Monday, 30th October 2017

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Many surprises

Family feuds rarely play out as pleasingly as the one at the Goethe Institut on March 24 did. The Kolkata Classics Club's Jennifer Heemstra brought together three noted musicians to recreate, through one of Brahms's finest chamber works, the 'classic family feud' between the piano on the one hand and the cello, violin and viola on the other. The concert, titled Three Strings and a Hammer, featured Heemstra on the piano, Wendy Case on the violin, Amir Eldan on the cello and Kirsten Docter on the viola; they performed the Quartet for Piano and Strings in G minor, Op. 25.

By Nayantara Mazumder
  • Published 13.05.17
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Family feuds rarely play out as pleasingly as the one at the Goethe Institut on March 24 did. The Kolkata Classics Club's Jennifer Heemstra brought together three noted musicians to recreate, through one of Brahms's finest chamber works, the 'classic family feud' between the piano on the one hand and the cello, violin and viola on the other. The concert, titled Three Strings and a Hammer, featured Heemstra on the piano, Wendy Case on the violin, Amir Eldan on the cello and Kirsten Docter on the viola; they performed the Quartet for Piano and Strings in G minor, Op. 25.

This is a sprawling four-movement work of many surprises. Heemstra began with the first theme for piano; soon, the other instruments joined in. The opening allegro is notably complex; its seemingly irregular framework makes it distinctive. Its outer sections were unrestrained, and the recapitulation blithely overlooked the structure that the exposition spelt out. This was in stark contrast to the concise, steady development. Brahms had originally devised the second movement, the intermezzo, as a brief scherzo: it is a haunting, lyrical movement, and has steadily-repeated eighth notes that conjure up a lively, almost unsettled effect.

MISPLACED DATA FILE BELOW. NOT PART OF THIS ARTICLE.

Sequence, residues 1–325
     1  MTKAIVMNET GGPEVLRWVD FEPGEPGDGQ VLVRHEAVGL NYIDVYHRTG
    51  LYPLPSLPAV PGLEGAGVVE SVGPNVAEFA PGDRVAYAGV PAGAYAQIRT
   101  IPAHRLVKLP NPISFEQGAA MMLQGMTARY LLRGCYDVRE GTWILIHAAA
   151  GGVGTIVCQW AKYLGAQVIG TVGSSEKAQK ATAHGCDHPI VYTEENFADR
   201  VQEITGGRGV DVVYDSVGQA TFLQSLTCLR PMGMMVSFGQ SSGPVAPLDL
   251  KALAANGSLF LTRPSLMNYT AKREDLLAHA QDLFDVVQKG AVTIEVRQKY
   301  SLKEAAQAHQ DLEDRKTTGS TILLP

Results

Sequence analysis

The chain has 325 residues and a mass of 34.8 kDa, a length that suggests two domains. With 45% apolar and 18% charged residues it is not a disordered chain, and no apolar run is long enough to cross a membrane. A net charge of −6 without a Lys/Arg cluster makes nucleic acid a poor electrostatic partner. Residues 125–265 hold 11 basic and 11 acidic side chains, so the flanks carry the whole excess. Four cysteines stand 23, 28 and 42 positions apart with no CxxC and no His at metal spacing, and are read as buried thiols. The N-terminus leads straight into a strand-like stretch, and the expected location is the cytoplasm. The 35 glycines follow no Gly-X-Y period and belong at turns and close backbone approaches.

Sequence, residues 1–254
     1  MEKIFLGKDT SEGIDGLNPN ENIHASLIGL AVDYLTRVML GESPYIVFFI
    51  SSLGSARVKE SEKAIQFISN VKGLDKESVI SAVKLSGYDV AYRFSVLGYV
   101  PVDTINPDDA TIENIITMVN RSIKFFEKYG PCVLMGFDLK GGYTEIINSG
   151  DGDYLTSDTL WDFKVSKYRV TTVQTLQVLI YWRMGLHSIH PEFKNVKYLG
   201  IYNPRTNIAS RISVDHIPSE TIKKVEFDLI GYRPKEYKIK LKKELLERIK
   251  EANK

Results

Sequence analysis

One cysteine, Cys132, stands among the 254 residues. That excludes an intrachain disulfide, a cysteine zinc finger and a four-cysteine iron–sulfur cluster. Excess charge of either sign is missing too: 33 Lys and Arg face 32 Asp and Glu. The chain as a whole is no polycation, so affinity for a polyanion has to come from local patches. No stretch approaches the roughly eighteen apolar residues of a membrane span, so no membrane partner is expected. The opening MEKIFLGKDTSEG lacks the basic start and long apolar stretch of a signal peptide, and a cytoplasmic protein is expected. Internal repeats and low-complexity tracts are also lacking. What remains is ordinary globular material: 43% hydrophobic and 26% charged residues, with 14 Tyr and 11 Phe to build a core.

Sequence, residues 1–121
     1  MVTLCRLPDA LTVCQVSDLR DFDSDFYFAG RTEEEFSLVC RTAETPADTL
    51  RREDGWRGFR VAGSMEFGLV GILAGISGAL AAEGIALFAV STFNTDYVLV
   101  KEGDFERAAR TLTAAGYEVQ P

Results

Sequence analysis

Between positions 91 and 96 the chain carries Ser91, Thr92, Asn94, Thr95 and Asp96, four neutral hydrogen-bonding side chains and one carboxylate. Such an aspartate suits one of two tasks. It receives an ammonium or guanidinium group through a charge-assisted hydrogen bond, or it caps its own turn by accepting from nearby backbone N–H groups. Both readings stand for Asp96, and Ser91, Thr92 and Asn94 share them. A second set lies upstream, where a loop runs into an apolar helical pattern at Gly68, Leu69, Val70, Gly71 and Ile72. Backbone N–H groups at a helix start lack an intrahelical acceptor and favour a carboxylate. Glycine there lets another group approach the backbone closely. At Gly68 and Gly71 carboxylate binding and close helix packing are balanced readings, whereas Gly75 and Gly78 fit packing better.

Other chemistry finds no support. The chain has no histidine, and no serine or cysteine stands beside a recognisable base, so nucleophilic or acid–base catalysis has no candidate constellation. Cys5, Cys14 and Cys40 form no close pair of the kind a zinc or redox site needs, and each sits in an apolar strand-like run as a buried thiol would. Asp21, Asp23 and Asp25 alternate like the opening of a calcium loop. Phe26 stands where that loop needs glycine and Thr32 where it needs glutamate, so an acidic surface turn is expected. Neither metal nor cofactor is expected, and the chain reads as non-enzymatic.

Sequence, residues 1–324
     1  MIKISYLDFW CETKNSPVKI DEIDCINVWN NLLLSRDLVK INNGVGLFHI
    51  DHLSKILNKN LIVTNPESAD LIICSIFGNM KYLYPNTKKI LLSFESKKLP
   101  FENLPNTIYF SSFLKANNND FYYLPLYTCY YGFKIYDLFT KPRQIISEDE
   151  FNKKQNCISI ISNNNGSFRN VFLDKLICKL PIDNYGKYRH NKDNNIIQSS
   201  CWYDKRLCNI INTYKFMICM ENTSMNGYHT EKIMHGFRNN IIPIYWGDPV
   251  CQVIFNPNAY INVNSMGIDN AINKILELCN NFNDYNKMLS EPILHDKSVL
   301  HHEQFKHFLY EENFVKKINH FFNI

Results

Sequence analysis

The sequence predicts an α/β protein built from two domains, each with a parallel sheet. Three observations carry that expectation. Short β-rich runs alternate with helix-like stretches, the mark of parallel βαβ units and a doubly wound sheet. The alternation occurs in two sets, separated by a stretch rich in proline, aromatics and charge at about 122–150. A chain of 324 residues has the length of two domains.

The soaring melodic lines of the third movement - the andante - are imbued with melancholy, and serve as the emotional pinnacle of the work. This was the best performance, and laid the groundwork for the fourth movement - the rondo, nicknamed 'gypsy rondo' for its rapid, free abandon. The rondo's rhythmic and metric complexity makes it difficult to play, but the musicians, especially Eldan, infused it with shining virtuosity.

Carlos Gardel's " Por una cabeza" and Leonard Cohen's "Hallelujah" came next. As a tribute to Cohen, perhaps a lesser-known composition might have worked better. In any case, the audience came for Brahms. The piano quartet is arguably the most exhilarating piece of music he recorded on paper, but its monumental proportions often mean that people, unable to fully appreciate all the movements at one go, prefer to listen to them separately. The musicians tirelessly kept the audience enthralled; this bears testimony to their skill and stamina.